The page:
"Arab women filmmakers are much more outspoken. They want to work, assert themselves and do something positive in the Arab society," says Tunisian actress Hend Sabry

Tunisian actress Hend Sabry reveals the fun side of her personality, perhaps unwittingly, when she turns up for this interview wearing a striped dress and sporty red Valentino sneakers, as opposed to a pair of heels.

It’s a contrast to her red carpet look on the opening night of the 12th edition of Dubai International Film Festival 24 hours before where she turned up in a couture black gown and diamond-studded earrings.

“It was nice to be glammed up for the night. But that was not the usual me. The ‘usual me’ is in sneakers and jeans,” said Sabry.

“I am a [mother] of two. I have to fight sleep deprivation and kilos piling on during pregnancy,” she added. The actress, 36, who has acted in a string of powerful women-centric films such as Asmaa (she played a HIV-infected woman who faces prejudice in Arab society), is on call this year to judge the IWC Filmmaker Award, which helps aspiring filmmakers from the region transform their script into a film.

“There are many women participating this year and I am proud about that,” said Sabry, a staunch gender-equality advocate. In 2010, she was also appointed the celebrity ambassador for the United Nation’s World Food programme.

“I am a firm believer in women. I respect them and believe in them. We are multitaskers, humane and emotional. We carry emotions much easily. We have a stronger core.”

She is a prime example of her beliefs as she opens up about her career, Islam and the importance of art bridging boundaries …

How was the experience of being in the IWC judging panel?

It was a beautiful experience because on this jury we read scripts instead of watching films. Reading scripts is a lonelier experience. The beauty of a script is that you and I will read them, but we will not imagine the same film since it is all based on our point of view and cinematic DNA. The filmmakers are young and there are many women participating this year. I am proud about that.

What’s the way forward for Arab women filmmakers?

Now, the Arab women filmmakers are much more outspoken. They want to work, assert themselves and do something positive in Arab society. They are less apologetic. They are proud about being multifaceted and speak about what they want or don’t want. As an Arab woman, who has been working in this region for 20 years, I have seen the progress of this new generation of women. I am proud of them and many are making beautiful movies. They touch me by their will, their strength and their smartness.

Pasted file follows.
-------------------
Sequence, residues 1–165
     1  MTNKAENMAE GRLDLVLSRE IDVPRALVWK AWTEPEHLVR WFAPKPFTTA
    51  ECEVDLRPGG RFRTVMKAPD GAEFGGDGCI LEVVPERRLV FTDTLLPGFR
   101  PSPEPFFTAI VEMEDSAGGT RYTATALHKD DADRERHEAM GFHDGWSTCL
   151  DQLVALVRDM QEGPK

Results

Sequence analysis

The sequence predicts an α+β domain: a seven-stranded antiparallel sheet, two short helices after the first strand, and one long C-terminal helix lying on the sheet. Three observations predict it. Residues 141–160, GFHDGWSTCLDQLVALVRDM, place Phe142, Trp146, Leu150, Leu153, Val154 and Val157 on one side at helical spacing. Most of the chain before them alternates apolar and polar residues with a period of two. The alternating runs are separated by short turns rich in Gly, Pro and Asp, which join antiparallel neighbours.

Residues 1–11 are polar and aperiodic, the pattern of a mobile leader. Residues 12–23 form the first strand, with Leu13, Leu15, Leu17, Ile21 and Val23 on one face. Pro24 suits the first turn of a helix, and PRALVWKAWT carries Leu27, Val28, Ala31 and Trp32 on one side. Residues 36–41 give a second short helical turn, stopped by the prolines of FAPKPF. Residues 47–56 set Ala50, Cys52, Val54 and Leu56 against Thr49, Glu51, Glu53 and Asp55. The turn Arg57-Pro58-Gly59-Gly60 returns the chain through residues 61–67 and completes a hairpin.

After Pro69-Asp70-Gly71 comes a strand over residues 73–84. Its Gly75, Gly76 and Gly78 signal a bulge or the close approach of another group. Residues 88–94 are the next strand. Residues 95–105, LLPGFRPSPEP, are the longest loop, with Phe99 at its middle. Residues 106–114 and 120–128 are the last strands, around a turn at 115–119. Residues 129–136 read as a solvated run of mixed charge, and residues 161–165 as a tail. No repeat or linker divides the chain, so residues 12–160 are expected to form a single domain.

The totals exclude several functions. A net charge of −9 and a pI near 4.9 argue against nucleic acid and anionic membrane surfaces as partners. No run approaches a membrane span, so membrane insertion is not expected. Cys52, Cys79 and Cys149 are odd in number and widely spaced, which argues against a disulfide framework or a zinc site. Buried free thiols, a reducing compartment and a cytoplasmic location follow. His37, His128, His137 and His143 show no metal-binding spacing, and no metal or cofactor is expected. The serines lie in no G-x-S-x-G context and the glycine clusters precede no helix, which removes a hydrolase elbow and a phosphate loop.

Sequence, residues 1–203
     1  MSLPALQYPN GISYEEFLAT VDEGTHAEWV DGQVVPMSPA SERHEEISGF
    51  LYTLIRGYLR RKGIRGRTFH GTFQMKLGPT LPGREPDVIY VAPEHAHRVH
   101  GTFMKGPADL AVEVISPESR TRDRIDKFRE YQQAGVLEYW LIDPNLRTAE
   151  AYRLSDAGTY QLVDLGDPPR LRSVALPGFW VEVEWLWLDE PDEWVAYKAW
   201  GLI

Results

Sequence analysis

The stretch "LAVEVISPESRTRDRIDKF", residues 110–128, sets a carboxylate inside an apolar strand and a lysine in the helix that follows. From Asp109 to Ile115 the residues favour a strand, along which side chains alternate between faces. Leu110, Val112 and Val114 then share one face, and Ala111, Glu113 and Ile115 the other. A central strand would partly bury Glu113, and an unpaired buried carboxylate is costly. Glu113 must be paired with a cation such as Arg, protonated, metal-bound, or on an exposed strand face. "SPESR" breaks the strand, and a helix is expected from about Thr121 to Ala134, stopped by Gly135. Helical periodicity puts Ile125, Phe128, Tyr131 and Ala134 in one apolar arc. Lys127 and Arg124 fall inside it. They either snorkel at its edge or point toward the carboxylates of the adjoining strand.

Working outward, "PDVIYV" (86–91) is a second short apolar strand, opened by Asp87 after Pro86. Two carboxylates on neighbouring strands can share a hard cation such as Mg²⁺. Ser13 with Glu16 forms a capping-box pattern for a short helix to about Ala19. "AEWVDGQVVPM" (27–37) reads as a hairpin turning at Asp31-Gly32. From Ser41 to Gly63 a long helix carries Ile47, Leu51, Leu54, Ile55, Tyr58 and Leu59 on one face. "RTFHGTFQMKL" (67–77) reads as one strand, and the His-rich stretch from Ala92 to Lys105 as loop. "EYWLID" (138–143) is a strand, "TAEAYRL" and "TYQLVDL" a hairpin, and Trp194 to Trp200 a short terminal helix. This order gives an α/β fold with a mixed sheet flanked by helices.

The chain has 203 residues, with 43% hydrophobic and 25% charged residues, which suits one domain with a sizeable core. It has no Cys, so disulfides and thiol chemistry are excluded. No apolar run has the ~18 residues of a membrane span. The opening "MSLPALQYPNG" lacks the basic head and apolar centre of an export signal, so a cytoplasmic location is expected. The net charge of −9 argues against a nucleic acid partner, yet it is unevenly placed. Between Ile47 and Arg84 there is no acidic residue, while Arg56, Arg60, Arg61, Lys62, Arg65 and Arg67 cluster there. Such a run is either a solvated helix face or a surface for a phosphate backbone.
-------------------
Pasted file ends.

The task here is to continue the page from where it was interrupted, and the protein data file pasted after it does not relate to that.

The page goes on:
As an actress, were you at the receiving end of discrimination when you started your career at 14?

I was lucky that I came from a country where women have equal rights to men and where women’s rights are advanced when compared to other countries in the region. I have always been an ambassador for Tunisian women who are strong and who are active in civil society. Even in the films I chose, I always selected roles which showed the modern Arab women or conflicts of a woman who wanted to be something more than just a weak part in society. I was never interested in playing the quiet, weak woman on the big screen. I want to play the strong, opinionated women. This didn’t always bring me friends in this region and I have been labelled as someone who was too daring. But today, when someone stops me in the street and tells me that through my films and life they have been given the clear message that ‘we [women] are not just about looks. We are also about doing what we want to do and even having pictures without make-up.’ Beauty comes from inside and when women on the street tell me that I have helped them somehow through my strong roles, it makes me feel good.